During the month of June, Black Lawrence Press author Bryan Furuness is on board to critique fiction manuscripts, and he is accepting everything from flash and short stories to full-length collections and novels. The fees and parameters for each of these categories are as follows:
- Flash fiction, up to 2 pages in length, $25
- Short stories, up to 20 pages in length, $50
- Chapbooks, up to 40 pages in length, $195
- Full-length collections, up to 180 pages in length, $450
- Novellas, up to 100 pages in length, $325
- Novels, up to 300 pages in length, $700
All manuscripts should be double spaced and formatted in 12-point font. The deadline to submit work for this consultation program is June 30. Bryan will complete his work and respond to all participants by July 31. Space in this program is limited, so please be sure to submit your work soon!
Bryan's Statement of Purpose
I like editing, and I’ve done a fair amount of it. Over the years, I’ve edited for Booth, On Earth as It Is, Pressgang, and Engine Books. I’ve also edited a couple of anthologies—Winesburg, Indiana (co-edited with Michael Martone) and My Name was Never Frankenstein: And Other Classic Adventure Tales Remixed—and am working on a third one now.
I teach an editing class at Butler University, and a few years ago we did a video interview with a seasoned editor of a lit mag. My students asked him what he focused on when he edited—characterization, or plot, or setting, or . . . ? He seemed mystified by the question. Then they asked him if he edited with a heavy hand or a light touch. “It depends on the story,” he said. “I try to give it what it needs.”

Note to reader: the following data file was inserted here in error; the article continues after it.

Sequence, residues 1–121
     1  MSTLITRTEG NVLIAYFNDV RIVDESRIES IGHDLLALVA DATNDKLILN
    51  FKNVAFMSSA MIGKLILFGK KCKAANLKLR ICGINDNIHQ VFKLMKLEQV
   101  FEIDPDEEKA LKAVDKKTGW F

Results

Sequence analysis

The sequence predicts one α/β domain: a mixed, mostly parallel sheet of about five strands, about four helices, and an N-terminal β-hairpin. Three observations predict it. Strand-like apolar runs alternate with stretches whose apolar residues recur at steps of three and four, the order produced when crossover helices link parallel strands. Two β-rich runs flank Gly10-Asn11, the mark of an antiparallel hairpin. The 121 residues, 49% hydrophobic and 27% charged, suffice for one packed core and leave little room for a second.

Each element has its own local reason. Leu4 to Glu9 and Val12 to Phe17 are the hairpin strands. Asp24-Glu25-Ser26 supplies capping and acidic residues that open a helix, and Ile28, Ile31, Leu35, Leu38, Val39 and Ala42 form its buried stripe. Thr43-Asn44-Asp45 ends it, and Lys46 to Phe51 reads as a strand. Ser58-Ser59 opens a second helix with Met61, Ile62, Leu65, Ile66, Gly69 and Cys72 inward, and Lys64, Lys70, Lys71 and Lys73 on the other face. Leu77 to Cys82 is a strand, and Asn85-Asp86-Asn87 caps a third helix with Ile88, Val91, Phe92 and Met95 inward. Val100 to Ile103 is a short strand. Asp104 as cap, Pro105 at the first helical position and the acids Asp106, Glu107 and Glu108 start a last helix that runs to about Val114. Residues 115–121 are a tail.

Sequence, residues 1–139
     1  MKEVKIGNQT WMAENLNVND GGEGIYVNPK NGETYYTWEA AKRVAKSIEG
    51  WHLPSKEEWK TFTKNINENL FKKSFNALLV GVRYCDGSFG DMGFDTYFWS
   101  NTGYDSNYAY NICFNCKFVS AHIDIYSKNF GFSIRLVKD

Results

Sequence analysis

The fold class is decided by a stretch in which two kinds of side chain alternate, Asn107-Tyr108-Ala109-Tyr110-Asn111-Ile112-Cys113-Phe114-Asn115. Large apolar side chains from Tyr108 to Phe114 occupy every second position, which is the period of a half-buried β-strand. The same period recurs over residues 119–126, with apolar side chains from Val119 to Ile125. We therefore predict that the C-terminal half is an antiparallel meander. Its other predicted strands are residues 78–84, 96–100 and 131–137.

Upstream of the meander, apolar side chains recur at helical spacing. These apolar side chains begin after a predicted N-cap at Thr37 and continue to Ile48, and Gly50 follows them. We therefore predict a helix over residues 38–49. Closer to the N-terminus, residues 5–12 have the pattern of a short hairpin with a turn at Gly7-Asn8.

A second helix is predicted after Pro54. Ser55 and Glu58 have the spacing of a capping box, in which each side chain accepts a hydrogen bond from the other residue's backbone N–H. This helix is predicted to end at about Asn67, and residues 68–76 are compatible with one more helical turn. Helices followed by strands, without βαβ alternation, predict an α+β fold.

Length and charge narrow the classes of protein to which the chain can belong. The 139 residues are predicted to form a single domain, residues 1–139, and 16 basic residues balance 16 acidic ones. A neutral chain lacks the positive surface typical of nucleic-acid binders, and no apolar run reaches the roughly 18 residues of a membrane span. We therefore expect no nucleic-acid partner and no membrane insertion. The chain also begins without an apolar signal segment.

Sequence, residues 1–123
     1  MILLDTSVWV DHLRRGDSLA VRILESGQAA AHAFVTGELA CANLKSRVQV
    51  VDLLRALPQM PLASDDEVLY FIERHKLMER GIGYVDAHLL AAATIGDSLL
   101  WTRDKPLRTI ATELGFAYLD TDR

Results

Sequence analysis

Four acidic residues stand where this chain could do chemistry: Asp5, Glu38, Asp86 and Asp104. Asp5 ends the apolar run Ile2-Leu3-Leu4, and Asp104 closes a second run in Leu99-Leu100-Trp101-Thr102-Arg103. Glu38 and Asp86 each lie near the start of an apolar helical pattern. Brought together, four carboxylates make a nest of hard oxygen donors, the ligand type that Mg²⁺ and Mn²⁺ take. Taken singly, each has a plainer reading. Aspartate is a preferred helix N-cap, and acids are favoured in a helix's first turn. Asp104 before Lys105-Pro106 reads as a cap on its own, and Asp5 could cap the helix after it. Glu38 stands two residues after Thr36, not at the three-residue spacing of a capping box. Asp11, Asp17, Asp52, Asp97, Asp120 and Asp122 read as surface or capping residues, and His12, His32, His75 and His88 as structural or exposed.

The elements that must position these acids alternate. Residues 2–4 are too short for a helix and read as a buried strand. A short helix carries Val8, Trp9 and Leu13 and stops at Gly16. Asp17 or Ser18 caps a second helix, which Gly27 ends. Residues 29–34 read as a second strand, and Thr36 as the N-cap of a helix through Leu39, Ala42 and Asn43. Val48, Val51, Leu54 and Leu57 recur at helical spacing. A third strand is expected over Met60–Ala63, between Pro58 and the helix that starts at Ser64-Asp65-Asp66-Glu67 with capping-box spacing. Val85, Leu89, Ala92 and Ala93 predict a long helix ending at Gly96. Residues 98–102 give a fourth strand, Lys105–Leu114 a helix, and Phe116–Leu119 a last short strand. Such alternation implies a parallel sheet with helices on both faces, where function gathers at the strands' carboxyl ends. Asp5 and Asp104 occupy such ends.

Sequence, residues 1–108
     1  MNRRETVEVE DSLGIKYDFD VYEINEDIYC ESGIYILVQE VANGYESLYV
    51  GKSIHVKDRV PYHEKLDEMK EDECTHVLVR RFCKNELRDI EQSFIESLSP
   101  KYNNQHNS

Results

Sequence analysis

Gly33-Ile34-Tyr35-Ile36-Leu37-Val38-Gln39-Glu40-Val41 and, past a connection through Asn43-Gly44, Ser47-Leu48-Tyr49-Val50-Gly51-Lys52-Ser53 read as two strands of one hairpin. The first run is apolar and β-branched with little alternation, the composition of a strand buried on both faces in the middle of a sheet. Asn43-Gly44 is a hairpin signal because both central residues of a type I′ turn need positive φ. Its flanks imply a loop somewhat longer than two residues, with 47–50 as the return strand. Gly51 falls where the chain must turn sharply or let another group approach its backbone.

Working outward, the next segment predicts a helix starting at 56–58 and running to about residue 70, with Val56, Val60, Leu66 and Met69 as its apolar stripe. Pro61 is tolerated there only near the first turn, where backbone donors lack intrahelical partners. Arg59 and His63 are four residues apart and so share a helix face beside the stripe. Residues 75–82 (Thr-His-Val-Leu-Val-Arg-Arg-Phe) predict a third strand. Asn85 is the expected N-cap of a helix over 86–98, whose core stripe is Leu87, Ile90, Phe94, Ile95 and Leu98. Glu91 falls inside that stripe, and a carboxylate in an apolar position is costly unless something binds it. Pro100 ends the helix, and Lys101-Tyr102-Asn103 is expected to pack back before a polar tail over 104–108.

That’s my philosophy, too. So instead of saying that I’ll focus on certain aspects of craft or warning you that I edit with a pick-ax, I’ll just say that I will do my best to give your manuscript what it needs—but I won't know what it needs until I read it.
My first task is to meet the manuscript on its own terms, figuring out what it is, and what it’s trying to be. As an editor or critique partner, I never want to hijack a story to make it be the way I would write it. My job, as I see it, is to make your manuscript itself, only more so.
My first love is narrative, but I have worked with writers on non-narrative pieces, too. My own writing practice includes short stories, personal essays, and novels. I like to read and write literary fiction, crime fiction, and literary fantasy/magical realism.